August 12, 1944: Wola Massacre Ends; Nazi Troops Kill 40,000 Poles

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A Brief History

On August 12, 1944, German Nazi troops finished off a massacre of between 40,000 and 50,000 Poles, many of them Jewish.  The excuse for this massacre was to put down the Warsaw Uprising and to discourage any further resistance to the occupying forces.

Digging Deeper

After the Germans took over Poland in 1939 (with the Soviets coming in through Poland’s back door, stabbing their neighbor in the back), the conquered Poles were treated like subhuman slaves.  Finally in 1944, partisan forces rose up and fought back against the Nazi overlords in an attempt to kick the Germans out of Poland.  The Polish resistance forces (Polish Home Army) had expected to work in conjunction with a Soviet advance, with each side receiving support from the others’ actions.  The Soviets thought otherwise. Believing the Polish Home Army (PHA) was too closely related to the exiled Polish Government and that the PHA would not likely welcome communism in Poland (the Soviet’s after-war plan for Europe), the Soviets sat back and waited for the Germans to annihilate the Polish forces. After crushing the unsupported Poles, the Nazi troops went on a spree of vengeance and reprisals, punishing the Poles for having the temerity to resist.  Over the course of a week, thousands of captured partisan soldiers and thousands more random civilians were gathered up and executed until the numbers of the dead reached staggering proportions.  The city of Warsaw was then razed to the ground and almost totally destroyed when Polish resistance continued on despite the massacre.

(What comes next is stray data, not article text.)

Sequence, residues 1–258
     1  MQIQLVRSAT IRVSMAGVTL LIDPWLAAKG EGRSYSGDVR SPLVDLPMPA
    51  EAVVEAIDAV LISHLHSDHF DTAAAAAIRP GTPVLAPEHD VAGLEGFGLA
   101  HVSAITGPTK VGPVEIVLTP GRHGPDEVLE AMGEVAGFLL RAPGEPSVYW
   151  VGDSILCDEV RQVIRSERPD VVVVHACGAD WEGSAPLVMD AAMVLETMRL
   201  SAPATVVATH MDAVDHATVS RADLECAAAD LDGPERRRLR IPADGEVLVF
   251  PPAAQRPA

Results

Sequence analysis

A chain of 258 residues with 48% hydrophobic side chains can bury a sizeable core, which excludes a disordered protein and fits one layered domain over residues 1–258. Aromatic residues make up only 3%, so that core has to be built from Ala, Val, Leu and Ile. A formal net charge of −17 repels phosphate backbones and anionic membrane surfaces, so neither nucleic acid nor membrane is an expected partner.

No Germans were ever prosecuted for the Wola Massacre, which is beyond comprehension!  The events are remembered at the Warsaw Uprising Museum located in the Wola district of Warsaw which was opened in 2004 on the 60th anniversary of the uprising. As said many times before, anyone with any nostalgia for the Nazi period or any misguided respect for the Nazi regime does not know history.  The same can be said for the Soviets.  If you disagree, tell us why.

Historical Evidence

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About Author

Major Dan

Major Dan is a retired veteran of the United States Marine Corps. He served during the Cold War and has traveled to many countries around the world. Prior to his military service, he graduated from Cleveland State University, having majored in sociology. Following his military service, he worked as a police officer eventually earning the rank of captain prior to his retirement.